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Last Updated Nov 22, 2017 3:05 PM EST

LANSING, Mich. — Several gymnasts who accused a former doctor accused of molesting them while he worked for USA Gymnastics and Michigan State University (MSU) spoke out on Wednesday after he pleaded guilty to sex abuse charges. 

Lindsey Lemke said she first heard about the investigation into Dr. Larry Nassar during a college gymnastics practice. She said she didn’t realize at that point that his conduct had affected others stretching back many years. Lemke said she tried to notify her coach, Kathie Klages, that she had been victimized by Nassar, but Klages defended him. 

“I went to her with something that was going to change my life forever,” Lemke said. “And she still defended the person who did it to me.” 

Klages was subsequently suspended in February. 

“It’s very sad to think about the fact that you work your entire life to be a college athlete and you sacrifice so much,” Lemke continued. “Especially being a club gymnast, you were coached by fear, and you would leave practice in pain, and you would be scared of that because if you knew you couldn’t do gymnastics the next day, you were going to get yelled at.”

According to Lemke, Nassar took advantage of the fact that he knew the gymnasts needed his help to mend their injuries to continue participating in the sport. 

During the news conference, Rachael Denhollander — who filed a police report detailing sexual misconduct involving Nassar — said she was silenced, along with her teammates, by the gymnastics leadership organizations.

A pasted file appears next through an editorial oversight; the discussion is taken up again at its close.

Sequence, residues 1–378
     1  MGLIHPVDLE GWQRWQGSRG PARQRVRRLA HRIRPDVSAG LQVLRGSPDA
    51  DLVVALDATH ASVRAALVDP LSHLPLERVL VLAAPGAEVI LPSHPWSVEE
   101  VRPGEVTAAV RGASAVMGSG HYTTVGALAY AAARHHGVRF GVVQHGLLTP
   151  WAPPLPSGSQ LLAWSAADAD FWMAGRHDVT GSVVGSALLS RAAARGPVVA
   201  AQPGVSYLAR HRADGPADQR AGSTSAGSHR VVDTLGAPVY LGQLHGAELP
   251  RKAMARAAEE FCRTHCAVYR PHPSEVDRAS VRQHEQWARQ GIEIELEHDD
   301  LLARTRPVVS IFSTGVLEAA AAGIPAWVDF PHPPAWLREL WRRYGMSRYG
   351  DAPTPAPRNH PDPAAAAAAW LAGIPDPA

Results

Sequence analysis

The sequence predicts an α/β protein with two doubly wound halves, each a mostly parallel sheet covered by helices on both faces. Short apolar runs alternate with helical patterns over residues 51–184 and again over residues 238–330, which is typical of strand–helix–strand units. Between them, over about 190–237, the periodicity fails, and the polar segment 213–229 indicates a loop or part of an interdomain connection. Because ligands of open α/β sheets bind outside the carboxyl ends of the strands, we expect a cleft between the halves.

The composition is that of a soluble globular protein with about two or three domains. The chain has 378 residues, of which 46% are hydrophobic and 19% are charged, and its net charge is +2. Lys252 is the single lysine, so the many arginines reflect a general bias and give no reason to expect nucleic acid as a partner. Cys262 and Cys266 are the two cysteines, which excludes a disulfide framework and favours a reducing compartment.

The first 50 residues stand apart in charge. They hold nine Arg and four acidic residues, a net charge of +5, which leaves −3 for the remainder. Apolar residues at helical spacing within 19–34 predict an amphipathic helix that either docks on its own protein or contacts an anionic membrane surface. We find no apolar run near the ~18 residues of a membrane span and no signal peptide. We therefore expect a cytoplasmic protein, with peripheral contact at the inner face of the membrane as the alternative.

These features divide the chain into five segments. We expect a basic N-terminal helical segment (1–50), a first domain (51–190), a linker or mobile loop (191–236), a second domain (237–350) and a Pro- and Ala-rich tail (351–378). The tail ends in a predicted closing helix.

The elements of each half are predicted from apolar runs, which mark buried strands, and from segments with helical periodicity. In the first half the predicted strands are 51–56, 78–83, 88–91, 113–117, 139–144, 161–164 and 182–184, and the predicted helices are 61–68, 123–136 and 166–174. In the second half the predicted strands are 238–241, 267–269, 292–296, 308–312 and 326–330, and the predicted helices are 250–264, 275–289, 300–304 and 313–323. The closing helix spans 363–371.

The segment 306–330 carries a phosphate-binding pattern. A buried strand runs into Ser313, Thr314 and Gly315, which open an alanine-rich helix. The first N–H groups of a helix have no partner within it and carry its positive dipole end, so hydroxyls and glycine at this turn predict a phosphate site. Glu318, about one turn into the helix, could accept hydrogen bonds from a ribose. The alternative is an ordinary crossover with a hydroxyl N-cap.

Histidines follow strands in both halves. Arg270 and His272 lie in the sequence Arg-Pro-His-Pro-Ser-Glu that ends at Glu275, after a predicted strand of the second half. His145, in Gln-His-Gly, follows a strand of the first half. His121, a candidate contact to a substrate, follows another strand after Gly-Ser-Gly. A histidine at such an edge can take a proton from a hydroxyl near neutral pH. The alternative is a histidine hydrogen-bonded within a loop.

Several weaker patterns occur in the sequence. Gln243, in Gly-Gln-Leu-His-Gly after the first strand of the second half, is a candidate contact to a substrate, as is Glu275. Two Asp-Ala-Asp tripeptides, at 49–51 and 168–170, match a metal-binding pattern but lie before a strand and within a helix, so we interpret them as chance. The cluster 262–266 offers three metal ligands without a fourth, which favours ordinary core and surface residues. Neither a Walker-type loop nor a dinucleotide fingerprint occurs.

“We were silenced, we were mocked, and our abuser was told time and time again, ‘I’m on your side,'” Denhollander said. “Today stands as a stark and painful reminder that while my predator has been stopped, the culture has yet to end.” 

“To the leadership at these organizations, you repeatedly claim that abuse has no place on campus, but you have failed to hold anyone accountable for allowing a pedophile to flourish for decades,” she continued. “You claim you are deeply sorry for what we have gone through, but you have not listened to one word we have said. You have turned a deaf ear to everything we have said.”

Kaylee Lorincz said she was sexually assaulted by Nassar on her 13th birthday. Her identity was withheld for many years, but now she is speaking out against her abuser. 

“I didn’t realize the impact it had on me until I reported it to Michigan State police,” Lorincz said. “It makes me angry and upset.” 

In a written statement, MSU said Nasser’s guilty plea “represents another important step toward justice for the victims. As [MSU] President Simon has said, we recognize the pain sexual violence causes and deeply regret any time someone in our community experiences it. It takes tremendous courage for victims of sexual violence to come forward.”  

The Michigan criminal cases filed against Nassar followed reports last year in the Indianapolis Star about how USA Gymnastics, which trains Olympians, mishandled complaints about sexual misconduct involving the doctor and coaches. Women and girls said the stories inspired them to step forward with detailed allegations of abuse, sometimes when their parents were in the exam room at Michigan State.      

During a hearing on Wednesday, Nassar admitted to abusing seven girls. He agreed that his conduct had no legitimate medical purpose and that he did not have the girls’ consent.   

The girls testified that Nassar molested them with his hands, sometimes when a parent was present in the room, while they sought help for gymnastics injuries. 

Nassar has pleaded guilty to multiple charges of sexual assault. Sentencing has been scheduled for Jan. 12, 2018. He will face at least 25 years in prison. 

A prosecutor said 125 women and girls have filed complaints with Michigan State University police.  

Nassar lost his license to practice medicine in April.

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